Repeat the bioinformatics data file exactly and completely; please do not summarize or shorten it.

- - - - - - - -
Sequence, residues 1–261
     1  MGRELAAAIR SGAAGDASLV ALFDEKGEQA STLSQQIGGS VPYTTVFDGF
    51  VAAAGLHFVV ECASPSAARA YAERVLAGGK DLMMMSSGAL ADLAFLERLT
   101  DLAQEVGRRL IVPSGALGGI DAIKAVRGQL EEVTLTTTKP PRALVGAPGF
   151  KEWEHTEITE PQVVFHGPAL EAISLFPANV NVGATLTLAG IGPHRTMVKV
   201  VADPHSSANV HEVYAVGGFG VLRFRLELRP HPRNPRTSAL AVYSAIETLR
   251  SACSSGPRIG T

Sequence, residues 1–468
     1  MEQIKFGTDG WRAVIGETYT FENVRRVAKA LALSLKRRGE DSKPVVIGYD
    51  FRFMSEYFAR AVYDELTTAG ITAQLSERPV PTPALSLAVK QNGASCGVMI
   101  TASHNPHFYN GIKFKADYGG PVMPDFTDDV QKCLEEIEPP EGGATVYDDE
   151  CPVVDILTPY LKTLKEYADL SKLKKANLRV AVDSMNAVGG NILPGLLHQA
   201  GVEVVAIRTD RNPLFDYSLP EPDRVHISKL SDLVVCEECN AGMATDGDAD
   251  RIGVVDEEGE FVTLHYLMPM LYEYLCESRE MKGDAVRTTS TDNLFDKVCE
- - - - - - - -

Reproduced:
Sequence, residues 1–261
     1  MGRELAAAIR SGAAGDASLV ALFDEKGEQA STLSQQIGGS VPYTTVFDGF
    51  VAAAGLHFVV ECASPSAARA YAERVLAGGK DLMMMSSGAL ADLAFLERLT
   101  DLAQEVGRRL IVPSGALGGI DAIKAVRGQL EEVTLTTTKP PRALVGAPGF
   151  KEWEHTEITE PQVVFHGPAL EAISLFPANV NVGATLTLAG IGPHRTMVKV
   201  VADPHSSANV HEVYAVGGFG VLRFRLELRP HPRNPRTSAL AVYSAIETLR
   251  SACSSGPRIG T

Sequence, residues 1–468
     1  MEQIKFGTDG WRAVIGETYT FENVRRVAKA LALSLKRRGE DSKPVVIGYD
    51  FRFMSEYFAR AVYDELTTAG ITAQLSERPV PTPALSLAVK QNGASCGVMI
   101  TASHNPHFYN GIKFKADYGG PVMPDFTDDV QKCLEEIEPP EGGATVYDDE
   151  CPVVDILTPY LKTLKEYADL SKLKKANLRV AVDSMNAVGG NILPGLLHQA
   201  GVEVVAIRTD RNPLFDYSLP EPDRVHISKL SDLVVCEECN AGMATDGDAD
   251  RIGVVDEEGE FVTLHYLMPM LYEYLCESRE MKGDAVRTTS TDNLFDKVCE